What Businesses Are Angels Searching For?
This article is written by Jeremiah Uke, a Contributor Author at Etohum.
Brigitte Baumann is the Founder and ex-CEO of Go Beyond Early Stage Investing. In May 2015, the European trade association for Business Angels and Seed Fund (EBAN) named her European Investor of the Year. She is President of EBAN and Chairs the Young Presidents Organization’s global Angel Investing group. She is a seasoned venture capitalist and was present at Etohum Kafe Toplantısı, and shared her experiences and what she looks for in investing.
Brigitte is the Founder of Go Beyond Early Stage Investing, Go Beyond enables novice and experienced, small & large investors, to get access to angel investing as an asset class through its unique platform, tools, training and expert angels. According to Brigitte Baumann, some of the factors that business angels search for are:
When Brigitte Baumann looked at big deals before investing her own money, the majority to look at was the business itself, she looks at businesses that are innovative in their content and their processes, those that have a sound economic model and those that can scale.
2.A management team
Business angels look much into the team handling a business, they look for teams who can deliver, and also teams which they can work with and add value
Business angels also look at the structure of a business, they also check if the business fits their portfolio, values and if they have a good exit strategy. In addition, angels like to find businesses that enable them to participate
Some of the things that business angels don’t like are:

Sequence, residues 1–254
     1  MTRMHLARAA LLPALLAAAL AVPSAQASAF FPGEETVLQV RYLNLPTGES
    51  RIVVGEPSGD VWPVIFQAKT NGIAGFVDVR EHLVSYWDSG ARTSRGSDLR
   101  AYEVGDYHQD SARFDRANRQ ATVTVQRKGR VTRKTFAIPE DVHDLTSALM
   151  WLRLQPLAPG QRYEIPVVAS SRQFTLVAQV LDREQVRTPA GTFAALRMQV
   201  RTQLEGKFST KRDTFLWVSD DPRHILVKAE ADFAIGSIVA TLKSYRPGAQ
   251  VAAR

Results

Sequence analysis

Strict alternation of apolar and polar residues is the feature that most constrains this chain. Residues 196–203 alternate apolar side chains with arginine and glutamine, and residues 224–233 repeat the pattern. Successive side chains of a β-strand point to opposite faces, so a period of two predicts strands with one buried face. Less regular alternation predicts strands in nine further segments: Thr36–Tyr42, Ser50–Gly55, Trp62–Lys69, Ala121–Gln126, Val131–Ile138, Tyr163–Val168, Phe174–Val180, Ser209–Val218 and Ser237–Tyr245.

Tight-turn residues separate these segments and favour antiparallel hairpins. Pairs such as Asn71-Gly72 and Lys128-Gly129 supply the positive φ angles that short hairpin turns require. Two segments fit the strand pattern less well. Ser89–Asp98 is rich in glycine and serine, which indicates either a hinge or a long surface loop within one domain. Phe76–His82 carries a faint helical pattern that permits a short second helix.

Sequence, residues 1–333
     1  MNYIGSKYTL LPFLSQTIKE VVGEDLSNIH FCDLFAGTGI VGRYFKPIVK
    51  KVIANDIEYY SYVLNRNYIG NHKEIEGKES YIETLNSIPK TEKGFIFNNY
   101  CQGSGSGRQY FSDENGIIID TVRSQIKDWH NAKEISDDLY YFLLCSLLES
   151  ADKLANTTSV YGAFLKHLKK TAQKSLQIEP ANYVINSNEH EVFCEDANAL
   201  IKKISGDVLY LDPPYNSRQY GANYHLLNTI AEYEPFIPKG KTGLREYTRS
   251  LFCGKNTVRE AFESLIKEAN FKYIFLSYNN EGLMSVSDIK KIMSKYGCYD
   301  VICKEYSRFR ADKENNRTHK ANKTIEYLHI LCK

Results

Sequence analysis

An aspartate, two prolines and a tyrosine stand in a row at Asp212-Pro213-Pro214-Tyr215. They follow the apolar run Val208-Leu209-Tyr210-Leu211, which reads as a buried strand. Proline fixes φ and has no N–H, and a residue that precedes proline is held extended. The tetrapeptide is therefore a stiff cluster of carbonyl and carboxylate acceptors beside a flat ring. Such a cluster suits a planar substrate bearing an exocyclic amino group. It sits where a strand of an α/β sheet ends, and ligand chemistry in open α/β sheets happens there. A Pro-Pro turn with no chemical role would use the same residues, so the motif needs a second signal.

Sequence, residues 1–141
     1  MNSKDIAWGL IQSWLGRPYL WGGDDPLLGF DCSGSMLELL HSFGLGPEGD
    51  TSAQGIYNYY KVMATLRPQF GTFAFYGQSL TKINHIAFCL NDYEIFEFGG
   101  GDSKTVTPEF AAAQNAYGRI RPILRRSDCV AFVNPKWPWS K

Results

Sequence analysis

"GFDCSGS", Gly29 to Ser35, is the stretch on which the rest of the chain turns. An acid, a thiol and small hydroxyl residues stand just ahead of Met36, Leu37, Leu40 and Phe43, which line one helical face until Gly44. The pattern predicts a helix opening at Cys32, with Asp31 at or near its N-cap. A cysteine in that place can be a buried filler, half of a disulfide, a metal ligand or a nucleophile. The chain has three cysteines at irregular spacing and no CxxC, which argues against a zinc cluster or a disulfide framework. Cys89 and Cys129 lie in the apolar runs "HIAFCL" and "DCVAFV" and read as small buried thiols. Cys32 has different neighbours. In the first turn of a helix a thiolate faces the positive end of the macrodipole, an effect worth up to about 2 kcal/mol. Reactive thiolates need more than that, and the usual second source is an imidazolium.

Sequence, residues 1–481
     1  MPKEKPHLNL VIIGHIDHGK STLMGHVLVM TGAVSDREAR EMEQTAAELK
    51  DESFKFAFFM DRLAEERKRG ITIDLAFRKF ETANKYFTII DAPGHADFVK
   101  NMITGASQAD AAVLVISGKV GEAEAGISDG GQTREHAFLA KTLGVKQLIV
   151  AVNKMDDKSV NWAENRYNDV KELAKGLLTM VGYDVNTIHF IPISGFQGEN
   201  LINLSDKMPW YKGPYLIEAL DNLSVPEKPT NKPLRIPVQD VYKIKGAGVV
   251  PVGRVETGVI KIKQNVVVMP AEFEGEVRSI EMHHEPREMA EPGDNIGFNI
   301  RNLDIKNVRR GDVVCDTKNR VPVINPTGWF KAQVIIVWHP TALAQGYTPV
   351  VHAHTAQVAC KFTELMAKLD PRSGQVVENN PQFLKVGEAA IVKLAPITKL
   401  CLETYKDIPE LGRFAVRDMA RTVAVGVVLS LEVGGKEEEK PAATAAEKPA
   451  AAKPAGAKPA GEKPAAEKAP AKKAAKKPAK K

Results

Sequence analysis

• Founders and other investors they don’t trust
• Founders not putting any cash into the company or, too much of their net worth, or no money from friends and family
• When there is not at least one founder who is working on the business fulltime
• Managements that ask for too much money and are not specific on what it will be used for
• Too much promises
• Businesses that are not scalable
• Entrepreneurs who say “there are no competitors”, “The market is big so it will be easy to get 5% of it”, and “it is a finance question, speak to our finance person”.
Business angels check out entrepreneurs through a number of ways including direct contact with the entrepreneur, documents, and through third-party contacts.
Brigitte mentions that the good news is that more people in Europe are becoming entrepreneurs, but the bad news is that the number of investors is not growing at a fast rate. The numbers will likely not get a lot of entrepreneurs financed. Brigitte also adds that entrepreneurs are not encouraged to fail in Europe, once you fail, you tend to not try again, but in places like Silicon Valley, they experience a lot of ups and downs, and keep trying even after multiple failures. She also emphasizes the need to build the investor community because of the huge number of entrepreneurs that will spring up in the next few years, she also advises corporates to buy startups.